This idealism has played out more than just in wanting specific moments or memories... but even in wanting my family a certain way. I used to really want to have another girl. I wanted Libby to have a sister. I loved having a sister. It was important and meaningful to me that Libby (my daughter) would understand what a sister was and how significant that relationship was. I think I wanted her to somehow understand what I lost when my sister, Libby, died. I wanted her to "get it."
Oh how sad.
I think I would have been in a horrible position of making Libby have to always get along with her sister (if she had one). I would have rubbed in her face, "At least you have a sister." Yuck, how awful!
She was not meant to live my life. I'm not going to force my child to appreciate something she has... or for me to resent her for having what I've lost.
I've been blessed instead to have ONE girl... and four boys. It's different than I would have thought I wanted. Thankfully God didn't give me what I wanted. He gave me what I needed. He knew I would need Samuel, Ian, Michael & Peter. AND in addition he blessed me with my niece, Madison. A beautiful little girl I love with all my heart who I have the pleasure of buying clothes and shoes for her. Whose nails I get to paint. Whose girlie noises I love.
Libby is more than enough girl for me! I love her. She's emotional and dramatic and expressive and thoughtful. She likes order and she likes pleasing people. She is a "mini-me".
The romantic in me... would covet her having a sister. I covet other people who have sisters. But I'm learning more and more to be thankful that I did have a sister. I don't get to talk or see her now but I will someday in Heaven. One day this will pass. And in the meantime I've been very blessed with very dear friends. Friends who in many ways are like sisters to me.
So that was a very lengthy ramble. All of it say... I'm glad I am learning about myself... that I have romantic tendencies that I need to fight... or at least invite reality in... and other's perspectives.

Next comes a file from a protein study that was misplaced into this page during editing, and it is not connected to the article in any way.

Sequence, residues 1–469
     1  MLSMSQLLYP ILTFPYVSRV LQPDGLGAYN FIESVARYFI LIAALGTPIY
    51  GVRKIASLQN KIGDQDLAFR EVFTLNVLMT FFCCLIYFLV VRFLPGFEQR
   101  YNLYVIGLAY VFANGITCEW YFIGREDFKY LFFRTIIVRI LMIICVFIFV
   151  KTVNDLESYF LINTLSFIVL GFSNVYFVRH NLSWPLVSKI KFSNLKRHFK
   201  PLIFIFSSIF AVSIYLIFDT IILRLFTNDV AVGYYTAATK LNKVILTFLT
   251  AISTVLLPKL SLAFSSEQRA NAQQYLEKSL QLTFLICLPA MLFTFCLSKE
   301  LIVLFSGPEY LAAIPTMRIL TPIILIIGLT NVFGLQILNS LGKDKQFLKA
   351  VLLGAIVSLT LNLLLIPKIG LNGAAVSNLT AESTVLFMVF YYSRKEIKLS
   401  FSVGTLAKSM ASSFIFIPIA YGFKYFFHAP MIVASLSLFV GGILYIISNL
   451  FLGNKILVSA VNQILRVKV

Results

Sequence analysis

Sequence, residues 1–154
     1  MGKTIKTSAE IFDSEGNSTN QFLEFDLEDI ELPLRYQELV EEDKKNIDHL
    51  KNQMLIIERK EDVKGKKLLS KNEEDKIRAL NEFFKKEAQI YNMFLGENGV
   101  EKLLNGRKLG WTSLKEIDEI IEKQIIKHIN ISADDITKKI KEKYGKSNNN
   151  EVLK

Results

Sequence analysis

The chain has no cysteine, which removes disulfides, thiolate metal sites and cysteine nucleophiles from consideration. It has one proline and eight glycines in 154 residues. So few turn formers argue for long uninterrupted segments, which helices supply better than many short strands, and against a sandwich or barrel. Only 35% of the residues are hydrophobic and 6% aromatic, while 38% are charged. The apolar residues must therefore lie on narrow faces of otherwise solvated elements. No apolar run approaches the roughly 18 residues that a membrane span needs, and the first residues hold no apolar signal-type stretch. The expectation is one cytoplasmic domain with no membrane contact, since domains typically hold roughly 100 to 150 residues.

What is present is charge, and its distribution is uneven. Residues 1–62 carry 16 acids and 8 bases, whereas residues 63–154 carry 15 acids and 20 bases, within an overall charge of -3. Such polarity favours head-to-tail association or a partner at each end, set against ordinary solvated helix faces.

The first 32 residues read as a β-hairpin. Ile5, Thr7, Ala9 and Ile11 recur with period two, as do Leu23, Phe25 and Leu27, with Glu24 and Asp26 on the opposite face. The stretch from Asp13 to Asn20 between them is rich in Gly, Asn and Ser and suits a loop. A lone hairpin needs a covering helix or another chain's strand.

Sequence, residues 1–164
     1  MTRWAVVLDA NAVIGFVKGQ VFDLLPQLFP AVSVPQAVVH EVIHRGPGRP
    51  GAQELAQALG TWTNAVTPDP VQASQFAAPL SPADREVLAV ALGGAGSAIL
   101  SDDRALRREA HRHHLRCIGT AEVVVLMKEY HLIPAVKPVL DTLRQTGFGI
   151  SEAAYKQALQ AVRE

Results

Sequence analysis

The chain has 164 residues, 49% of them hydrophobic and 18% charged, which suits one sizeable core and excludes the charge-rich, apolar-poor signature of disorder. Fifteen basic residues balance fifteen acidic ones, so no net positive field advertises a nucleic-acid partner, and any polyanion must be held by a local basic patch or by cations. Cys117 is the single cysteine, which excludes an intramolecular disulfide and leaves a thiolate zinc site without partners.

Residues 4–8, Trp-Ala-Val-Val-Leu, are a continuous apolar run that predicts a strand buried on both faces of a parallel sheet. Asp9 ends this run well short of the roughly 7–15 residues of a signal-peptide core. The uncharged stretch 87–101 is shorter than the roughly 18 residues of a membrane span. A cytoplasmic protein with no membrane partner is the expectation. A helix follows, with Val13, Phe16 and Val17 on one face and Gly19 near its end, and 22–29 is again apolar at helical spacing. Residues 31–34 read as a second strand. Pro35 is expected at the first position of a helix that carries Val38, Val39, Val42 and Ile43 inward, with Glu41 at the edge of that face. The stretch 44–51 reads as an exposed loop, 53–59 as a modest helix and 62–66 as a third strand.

Life isn't perfect. It won't be again until the New Heavens and the New Earth... until I'm with Jesus face to face. My family isn't perfect. My traditions, memories, holidays, moments, events are not going to be ideal. And it's more than okay. It's good. It points me back to my need for a Saviour. And I can savor the good that does happen. I can enjoy time with my family without having to "direct" and "create" an illusion. I can love it for the imperfections instead of merely "in spite of" them.
Let me leave you with this. Libby and I were spending time together on Friday. It was fun. Or at least I thought it was fun. We were getting to do things together. She was starting to get whiney and ungrateful. I was getting annoyed by that. She and I got caught in the pouring rain. I mean torrential downpour. I had an umbrella and she had a rain poncho but we both ended up soaked. It looked as if people poured buckets of water on us. It was hysterical. We were so wet and soaked. We walked into IHOP (her favorite place) and the hostess told us we looked like ducks. She and I both started giggling. It turned into full blown laughter by the time we were seated.
The whole day turned around unexpectedly by an unplanned downpour. Instead of thinking about how cold, wet and shivering I was... not to mention the mess I looked like... I was able to be thankful that something so unexpected could turn into a blessing. We created a fun memory. It wasn't ideal... but it was life lived with my precious girl and I can enjoy and savor the gift from God she is.